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13 Rue Madeleine

From Wikipedia, the free encyclopedia

13 Rue Madeleine
13 rue madeleine poster.jpg
Film poster
Directed byHenry Hathaway
Written byJohn Monks, Jr.
Sy Bartlett
Produced byLouis De Rochemont
StarringJames Cagney
Richard Conte
Frank Latimore
Narrated byReed Hadley
CinematographyNorbert Brodine
Edited byHarmon Jones
Music byDavid Buttolph
Distributed byTwentieth Century-Fox Film Corporation
Release date
  • January 15, 1947 (1947-01-15)
Running time
95 minutes
CountryUnited States
Box office$2,750,000 (US rentals)[1]

13 Rue Madeleine is a 1947 World War II spy film directed by Henry Hathaway and starring James Cagney, Annabella, Richard Conte and Frank Latimore. Allied volunteers are trained as spies in the leadup to the invasion of Europe, but one of them is a German double agent.


Bob Sharkey is put in charge of the 77th group of American espionage candidates. However, he is informed by his boss Charles Gibson that one of his students is a German Abwehr agent. He accepts the challenge of identifying him. He correctly chooses "Bill O'Connell". Gibson reveals that O'Connell is actually Wilhelm Kuncel, one of Germany's top spies. He tells Sharkey to pass him through the course, as they know his mission is to determine the date and location of Operation Overlord (the Allied invasion of Europe). They assign him a job in London that gives him full access to false information about "Plan B", the invasion of Germany through the Lowlands, hoping he will pass it along to his superiors.

At the end of their training, three of the new agents—Frenchwoman Suzanne de Beaumont, American Jeff Lassiter, and Kuncel—are sent to Great Britain. There, they prepare to fly into German-occupied territory. Kuncel is given a mission in Holland, supposedly because of his familiarity with the region. Lassiter is assigned to kidnap and bring back to England the French collaborator Duclois. Duclois designed and built the main assembly and supply depot for V-2 rockets that will be used against the key Allied invasion port of Southampton, and what he knows will be vital for achieving its destruction. Suzanne goes along as Lassiter's radio operator. Sharkey tells Lassiter about Kuncel and orders him to kill his friend and former roommate if he thinks Kuncel has not been deceived. However, on the airplane, Lassiter cannot conceal his uneasiness from Kuncel. Kuncel sabotages his parachute, and when the trio are sent to Holland, Lassiter plummets to his death. Gibson and Sharkey realize that Kuncel knows that the information he was given is false.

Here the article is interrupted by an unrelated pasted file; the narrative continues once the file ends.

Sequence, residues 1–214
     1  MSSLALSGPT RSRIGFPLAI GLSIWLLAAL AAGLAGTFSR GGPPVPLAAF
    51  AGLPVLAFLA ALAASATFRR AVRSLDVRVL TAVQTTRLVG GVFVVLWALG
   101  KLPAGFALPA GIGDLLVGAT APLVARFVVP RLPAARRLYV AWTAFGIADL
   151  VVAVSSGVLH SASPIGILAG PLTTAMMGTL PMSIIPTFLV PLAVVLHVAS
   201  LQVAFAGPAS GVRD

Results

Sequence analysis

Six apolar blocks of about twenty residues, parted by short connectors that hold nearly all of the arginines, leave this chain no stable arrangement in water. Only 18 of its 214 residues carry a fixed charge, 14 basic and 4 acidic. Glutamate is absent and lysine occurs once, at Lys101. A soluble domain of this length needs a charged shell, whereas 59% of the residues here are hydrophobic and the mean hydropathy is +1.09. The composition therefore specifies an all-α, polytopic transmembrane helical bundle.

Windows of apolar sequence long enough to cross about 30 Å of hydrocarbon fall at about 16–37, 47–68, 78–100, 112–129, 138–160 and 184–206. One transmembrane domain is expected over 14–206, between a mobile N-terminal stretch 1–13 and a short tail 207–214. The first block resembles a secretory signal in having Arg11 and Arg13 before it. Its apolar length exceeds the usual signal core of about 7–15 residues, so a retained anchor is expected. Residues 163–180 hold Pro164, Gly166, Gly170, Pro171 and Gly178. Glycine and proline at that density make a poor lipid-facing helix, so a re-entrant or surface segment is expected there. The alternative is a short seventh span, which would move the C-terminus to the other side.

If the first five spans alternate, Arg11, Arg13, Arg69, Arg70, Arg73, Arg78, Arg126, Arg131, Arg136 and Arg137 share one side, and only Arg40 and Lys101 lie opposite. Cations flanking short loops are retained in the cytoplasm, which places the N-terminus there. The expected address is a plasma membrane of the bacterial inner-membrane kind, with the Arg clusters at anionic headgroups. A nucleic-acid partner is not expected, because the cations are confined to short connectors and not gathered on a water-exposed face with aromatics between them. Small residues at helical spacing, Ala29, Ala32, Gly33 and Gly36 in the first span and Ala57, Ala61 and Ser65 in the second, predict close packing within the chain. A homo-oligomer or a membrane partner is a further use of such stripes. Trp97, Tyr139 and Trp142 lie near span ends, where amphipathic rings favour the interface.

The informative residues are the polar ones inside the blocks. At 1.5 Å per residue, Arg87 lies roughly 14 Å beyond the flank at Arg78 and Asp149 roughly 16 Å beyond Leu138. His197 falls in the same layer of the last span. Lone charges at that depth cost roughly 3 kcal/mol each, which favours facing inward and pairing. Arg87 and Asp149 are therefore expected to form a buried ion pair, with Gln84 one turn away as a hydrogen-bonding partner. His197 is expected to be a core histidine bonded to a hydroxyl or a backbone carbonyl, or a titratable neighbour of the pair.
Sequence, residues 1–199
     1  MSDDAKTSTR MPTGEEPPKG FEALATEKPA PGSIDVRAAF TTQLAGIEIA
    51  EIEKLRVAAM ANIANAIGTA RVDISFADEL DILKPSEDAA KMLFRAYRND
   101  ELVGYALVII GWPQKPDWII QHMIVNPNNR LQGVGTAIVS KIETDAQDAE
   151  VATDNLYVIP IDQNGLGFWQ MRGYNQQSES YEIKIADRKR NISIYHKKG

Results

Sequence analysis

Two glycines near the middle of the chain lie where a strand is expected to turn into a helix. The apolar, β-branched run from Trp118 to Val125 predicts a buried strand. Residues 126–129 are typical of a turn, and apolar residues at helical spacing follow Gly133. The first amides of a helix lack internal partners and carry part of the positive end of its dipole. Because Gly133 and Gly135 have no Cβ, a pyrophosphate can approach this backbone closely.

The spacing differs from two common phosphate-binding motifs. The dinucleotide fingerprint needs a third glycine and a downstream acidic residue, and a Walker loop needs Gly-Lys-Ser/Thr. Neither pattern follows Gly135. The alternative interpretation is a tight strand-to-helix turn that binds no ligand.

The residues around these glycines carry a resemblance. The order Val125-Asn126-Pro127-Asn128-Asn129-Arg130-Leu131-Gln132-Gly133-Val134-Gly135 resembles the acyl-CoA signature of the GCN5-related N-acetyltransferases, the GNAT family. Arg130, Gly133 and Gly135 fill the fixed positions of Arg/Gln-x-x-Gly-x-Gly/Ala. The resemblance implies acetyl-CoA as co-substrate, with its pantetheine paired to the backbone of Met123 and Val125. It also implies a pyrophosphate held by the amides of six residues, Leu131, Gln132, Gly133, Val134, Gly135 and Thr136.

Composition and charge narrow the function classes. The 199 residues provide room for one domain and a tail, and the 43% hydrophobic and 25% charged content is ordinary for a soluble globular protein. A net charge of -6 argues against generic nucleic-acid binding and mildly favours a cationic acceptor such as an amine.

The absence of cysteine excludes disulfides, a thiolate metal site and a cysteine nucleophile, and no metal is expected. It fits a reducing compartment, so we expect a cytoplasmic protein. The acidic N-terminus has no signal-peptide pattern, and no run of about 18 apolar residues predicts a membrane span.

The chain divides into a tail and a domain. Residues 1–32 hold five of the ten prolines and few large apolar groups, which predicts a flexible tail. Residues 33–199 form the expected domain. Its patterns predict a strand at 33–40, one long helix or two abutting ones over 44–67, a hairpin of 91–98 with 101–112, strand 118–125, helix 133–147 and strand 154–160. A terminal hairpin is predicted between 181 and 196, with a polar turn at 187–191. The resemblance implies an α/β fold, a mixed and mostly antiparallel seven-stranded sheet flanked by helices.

With no time to brief another agent, Sharkey volunteers to take Lassiter's place. Gibson is reluctant to do so, as Sharkey knows the date and location of the invasion, but finally agrees. With the help of the local French resistance led by the town's mayor, Sharkey takes Duclois prisoner. However, in stopping Kuncel from interfering with the airplane taking off with Duclois, Sharkey is captured. Suzanne is killed while transmitting the news to England. Kuncel takes Sharkey to Gestapo headquarters at 13 Rue Madeleine in Le Havre and supervises his torture when Sharkey refuses to talk. Back in Great Britain, Gibson has no choice but to order a bombing raid to destroy the building before Sharkey cracks. When the bombing starts, Sharkey laughs in triumph in Kuncel's face. .



Prohibited from mentioning the OSS during the war due to secrecy, several Hollywood studios made their own films about the agency after the war, such as Paramount's O.S.S., Warner Bros./United States Pictures Cloak and Dagger, and RKO's Notorious directed by Alfred Hitchcock. Though 13 Rue Madeleine was originally written to showcase the O.S.S., with Cagney playing a character based on William Donovan and featuring Peter Ortiz as a technical advisor, Donovan raised major objections to the film, including the idea that his agency had been infiltrated by an enemy agent.[2] The spy group was renamed "O77" and Cagney's character had no similarities to Donovan.

The film followed Fox's The House on 92nd Street, a true story of Federal Bureau of Investigation counter espionage, which shared the same director, producer, and one of the writers.

Much of the filming was done in Quebec City, Quebec, Canada. The scene where Sharkey is leaving the "local French HQ" on his way to meet with the local resistance was shot on rue Donnacona, with the Ursulines School in the background.

The Breen Office objected to the Americans bombing a building solely to kill Sharkey. But Sy Bartlett, one of the film's scriptwriters, had been in the Army Air Corps during World War II and such an incident did take place, though in a different context. According to Henry Hathaway, the film's director, that actual occurrence was the basis for the film's final scene.[2]


  1. ^ "Top Grossers of 1947", Variety, 7 January 1948 p 63
  2. ^ a b p.120 Dick, Bernard F. The Star Spangled Screen University of Kentucky Press

External links

This page was last edited on 9 October 2021, at 21:30
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